the Little Red Reviewer

Anthony Burgess: more than just A Clockwork Orange.

Posted on: January 26, 2012

Yesterday I posted a review of Anthony Burgess’s The Wanting Seed. Let’s learn a little more about this fascinating man.

Anthony Burgess (1917-1993, birth name John Burgess Wilson) was an English literature teacher throughout the 1940s, and worked for the British Colonial Service in the 1950’s, travelling to Malaysia and Brunei.   Although gainfully employed during his travels, he often wrote short novels that were openly quite critical of the regimes he was living under. Some books never saw publication due to libel suits.

This multitalented author, linguist, critic, satirist and musician,  is considered one of Britain’s greatest contemporary writers.

In the United States, we mostly know Anthony Burgess because of the movie A Clockwork Orange. A cult classic, if you’ve seen the movie, I highly recommend the book. It’s much easier to swallow than the movie, and is an amazing read. Famous for his biting satire of contemporary society, Burgess was always more proud of his works of philosophical literature, literary criticism, and his music. Talented in linguistics as well, Burgess was fluent in French and German at a young age, and during his time overseas he taught himself Malay, and Farsi. You can see his love for languages while experiences the strange slang in A Clockwork Orange.

Reading a handful of articles about Burgess, I wish that I had been a literature major in college, so I’d have the foundational education to appreciate more of his works. He deserves to be known for more than just the shock cult film A Clockwork Orange. He always viewed that novel as one of his weakest works.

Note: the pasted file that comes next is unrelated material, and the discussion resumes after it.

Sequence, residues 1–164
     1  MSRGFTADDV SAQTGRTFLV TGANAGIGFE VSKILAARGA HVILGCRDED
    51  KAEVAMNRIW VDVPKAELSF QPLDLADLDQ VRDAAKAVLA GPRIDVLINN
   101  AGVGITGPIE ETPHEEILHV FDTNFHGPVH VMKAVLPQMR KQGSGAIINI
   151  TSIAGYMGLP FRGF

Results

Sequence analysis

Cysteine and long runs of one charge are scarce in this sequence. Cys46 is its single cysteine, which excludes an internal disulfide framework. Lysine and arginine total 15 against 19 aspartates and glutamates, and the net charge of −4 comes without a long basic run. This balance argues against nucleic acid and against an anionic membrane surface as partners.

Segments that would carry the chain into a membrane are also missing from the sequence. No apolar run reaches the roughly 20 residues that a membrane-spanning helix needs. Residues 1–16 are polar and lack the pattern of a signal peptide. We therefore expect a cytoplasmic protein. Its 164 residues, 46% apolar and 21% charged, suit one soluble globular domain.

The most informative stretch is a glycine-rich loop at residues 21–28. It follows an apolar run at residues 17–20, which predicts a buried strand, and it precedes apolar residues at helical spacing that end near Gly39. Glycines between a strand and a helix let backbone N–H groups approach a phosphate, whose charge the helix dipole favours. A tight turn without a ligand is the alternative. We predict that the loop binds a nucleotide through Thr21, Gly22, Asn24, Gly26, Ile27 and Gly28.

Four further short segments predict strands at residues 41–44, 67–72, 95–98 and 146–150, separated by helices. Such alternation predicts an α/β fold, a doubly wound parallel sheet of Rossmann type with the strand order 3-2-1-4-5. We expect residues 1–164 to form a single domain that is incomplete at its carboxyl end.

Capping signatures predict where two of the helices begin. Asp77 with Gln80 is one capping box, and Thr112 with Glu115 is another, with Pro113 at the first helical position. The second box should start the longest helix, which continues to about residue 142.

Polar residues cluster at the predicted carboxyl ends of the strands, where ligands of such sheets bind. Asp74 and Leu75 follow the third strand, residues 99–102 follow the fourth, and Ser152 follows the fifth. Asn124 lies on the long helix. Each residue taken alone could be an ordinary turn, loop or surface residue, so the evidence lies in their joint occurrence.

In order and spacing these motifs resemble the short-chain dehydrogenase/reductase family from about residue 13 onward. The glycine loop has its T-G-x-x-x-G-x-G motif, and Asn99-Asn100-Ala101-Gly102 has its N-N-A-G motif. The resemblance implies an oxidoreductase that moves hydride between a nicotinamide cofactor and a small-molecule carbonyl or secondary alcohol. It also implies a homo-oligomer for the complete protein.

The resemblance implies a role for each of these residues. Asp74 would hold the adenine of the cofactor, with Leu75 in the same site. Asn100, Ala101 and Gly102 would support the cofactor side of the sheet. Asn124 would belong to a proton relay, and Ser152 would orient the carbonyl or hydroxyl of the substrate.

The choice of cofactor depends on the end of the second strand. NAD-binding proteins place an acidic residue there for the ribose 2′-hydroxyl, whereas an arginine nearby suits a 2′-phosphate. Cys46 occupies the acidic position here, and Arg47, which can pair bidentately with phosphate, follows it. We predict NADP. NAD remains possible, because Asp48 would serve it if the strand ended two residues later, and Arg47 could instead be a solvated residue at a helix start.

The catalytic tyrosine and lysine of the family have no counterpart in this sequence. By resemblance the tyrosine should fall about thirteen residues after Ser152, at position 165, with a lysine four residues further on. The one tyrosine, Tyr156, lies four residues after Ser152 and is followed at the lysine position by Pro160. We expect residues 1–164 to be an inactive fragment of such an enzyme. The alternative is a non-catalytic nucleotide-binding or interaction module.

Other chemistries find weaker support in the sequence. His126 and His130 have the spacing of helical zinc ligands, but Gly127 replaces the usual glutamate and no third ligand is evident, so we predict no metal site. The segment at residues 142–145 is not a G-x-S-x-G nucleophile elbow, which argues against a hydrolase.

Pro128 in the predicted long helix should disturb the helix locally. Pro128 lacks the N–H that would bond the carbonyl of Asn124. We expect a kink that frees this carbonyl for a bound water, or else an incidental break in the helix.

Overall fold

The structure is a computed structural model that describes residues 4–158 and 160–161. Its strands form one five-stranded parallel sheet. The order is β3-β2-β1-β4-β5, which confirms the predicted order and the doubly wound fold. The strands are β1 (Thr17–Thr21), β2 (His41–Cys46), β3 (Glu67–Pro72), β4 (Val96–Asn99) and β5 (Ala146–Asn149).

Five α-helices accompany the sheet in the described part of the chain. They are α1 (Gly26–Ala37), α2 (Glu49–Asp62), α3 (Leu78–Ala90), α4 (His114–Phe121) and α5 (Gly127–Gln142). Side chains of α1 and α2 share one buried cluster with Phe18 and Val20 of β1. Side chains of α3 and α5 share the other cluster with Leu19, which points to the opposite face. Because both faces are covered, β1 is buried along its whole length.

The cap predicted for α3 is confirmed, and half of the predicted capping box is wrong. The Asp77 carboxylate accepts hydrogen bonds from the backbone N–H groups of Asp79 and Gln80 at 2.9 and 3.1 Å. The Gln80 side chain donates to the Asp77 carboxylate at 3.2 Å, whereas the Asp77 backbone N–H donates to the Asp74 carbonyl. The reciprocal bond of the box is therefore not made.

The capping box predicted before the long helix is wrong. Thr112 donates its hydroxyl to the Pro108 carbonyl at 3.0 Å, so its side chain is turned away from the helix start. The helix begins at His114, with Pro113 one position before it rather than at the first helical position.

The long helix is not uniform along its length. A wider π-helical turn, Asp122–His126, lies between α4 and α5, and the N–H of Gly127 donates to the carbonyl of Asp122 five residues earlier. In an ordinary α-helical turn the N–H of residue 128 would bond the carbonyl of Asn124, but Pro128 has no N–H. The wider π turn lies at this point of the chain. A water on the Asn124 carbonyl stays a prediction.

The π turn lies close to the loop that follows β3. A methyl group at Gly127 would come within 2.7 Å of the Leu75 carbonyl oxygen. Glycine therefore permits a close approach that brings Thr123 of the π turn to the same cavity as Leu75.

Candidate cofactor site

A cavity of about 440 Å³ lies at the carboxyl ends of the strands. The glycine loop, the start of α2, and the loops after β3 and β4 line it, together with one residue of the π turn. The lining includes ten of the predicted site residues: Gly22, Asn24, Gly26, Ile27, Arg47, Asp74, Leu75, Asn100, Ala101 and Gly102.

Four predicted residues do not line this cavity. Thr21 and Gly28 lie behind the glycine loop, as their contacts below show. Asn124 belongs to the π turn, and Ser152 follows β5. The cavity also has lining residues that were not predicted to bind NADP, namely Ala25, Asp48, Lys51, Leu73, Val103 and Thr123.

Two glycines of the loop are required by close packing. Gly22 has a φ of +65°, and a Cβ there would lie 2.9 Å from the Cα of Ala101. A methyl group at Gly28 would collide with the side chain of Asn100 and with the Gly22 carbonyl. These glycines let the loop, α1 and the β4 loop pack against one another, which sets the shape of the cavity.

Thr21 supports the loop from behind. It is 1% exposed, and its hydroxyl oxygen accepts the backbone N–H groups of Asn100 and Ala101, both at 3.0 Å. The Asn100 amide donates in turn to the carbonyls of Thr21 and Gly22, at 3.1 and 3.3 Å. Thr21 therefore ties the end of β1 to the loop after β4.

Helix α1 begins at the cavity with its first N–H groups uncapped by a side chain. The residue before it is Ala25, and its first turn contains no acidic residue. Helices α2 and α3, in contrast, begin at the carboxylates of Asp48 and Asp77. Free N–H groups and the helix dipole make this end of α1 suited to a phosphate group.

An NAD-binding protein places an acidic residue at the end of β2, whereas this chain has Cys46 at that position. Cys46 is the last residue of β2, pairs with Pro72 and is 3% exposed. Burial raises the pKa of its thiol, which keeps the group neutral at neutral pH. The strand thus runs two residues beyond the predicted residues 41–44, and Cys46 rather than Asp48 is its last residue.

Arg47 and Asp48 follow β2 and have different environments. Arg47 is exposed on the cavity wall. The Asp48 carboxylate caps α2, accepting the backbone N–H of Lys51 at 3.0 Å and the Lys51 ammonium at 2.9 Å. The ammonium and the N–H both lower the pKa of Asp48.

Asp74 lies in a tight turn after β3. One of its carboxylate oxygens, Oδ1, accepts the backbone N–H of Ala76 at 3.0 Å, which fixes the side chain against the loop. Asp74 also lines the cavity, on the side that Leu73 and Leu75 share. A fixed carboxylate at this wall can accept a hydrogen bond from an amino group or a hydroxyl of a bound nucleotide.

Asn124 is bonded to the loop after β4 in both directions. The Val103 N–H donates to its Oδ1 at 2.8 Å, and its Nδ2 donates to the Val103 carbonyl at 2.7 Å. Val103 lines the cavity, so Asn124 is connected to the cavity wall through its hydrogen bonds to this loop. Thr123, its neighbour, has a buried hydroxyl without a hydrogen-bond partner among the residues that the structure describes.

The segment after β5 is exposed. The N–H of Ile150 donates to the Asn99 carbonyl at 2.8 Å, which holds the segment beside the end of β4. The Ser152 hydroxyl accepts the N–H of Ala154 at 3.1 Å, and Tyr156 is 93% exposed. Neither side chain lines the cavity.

Later in his life he lived all over Europe and spent a number of years in the United States, teaching creative writing at Columbia University, University of North Carolina Chapel Hill and University of Iowa. Although lucrative, his extensive travels and obvious avoidance of his home country may have been to avoid paying taxes.

Have you read A Clockwork Orange or any other Anthony Burgess novels? What did you think, and would you read him again? If you had friends or family who studied creative writing, literature or English at the universities mentioned above during the 1970’s, ask them if they remember their creative writing professor!

3 Responses to "Anthony Burgess: more than just A Clockwork Orange."

I haven’t read any of his works or seen the movie A Clockwork Orange. However, that movie is coming up on my list and I’m kinda dreading it.


I read A Clockwork Orange in high school, during a bout of the flu. Trippy ’70s novels are probably not the best reading choice while feverish. But I do remember it was good! I’ll have to revisit it at some point.


Thanks for this post, Redhead. I’ve seen the movie but can’t remember if I’ve read the book! I am adding it to my TBR pile and I will try and find some more of his Burgess’ work.


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some of the books reviewed here were free ARCs supplied by publishers/authors/other groups. Some of the books here I got from the library. the rest I *gasp!* actually paid for. I'll do my best to let you know what's what.
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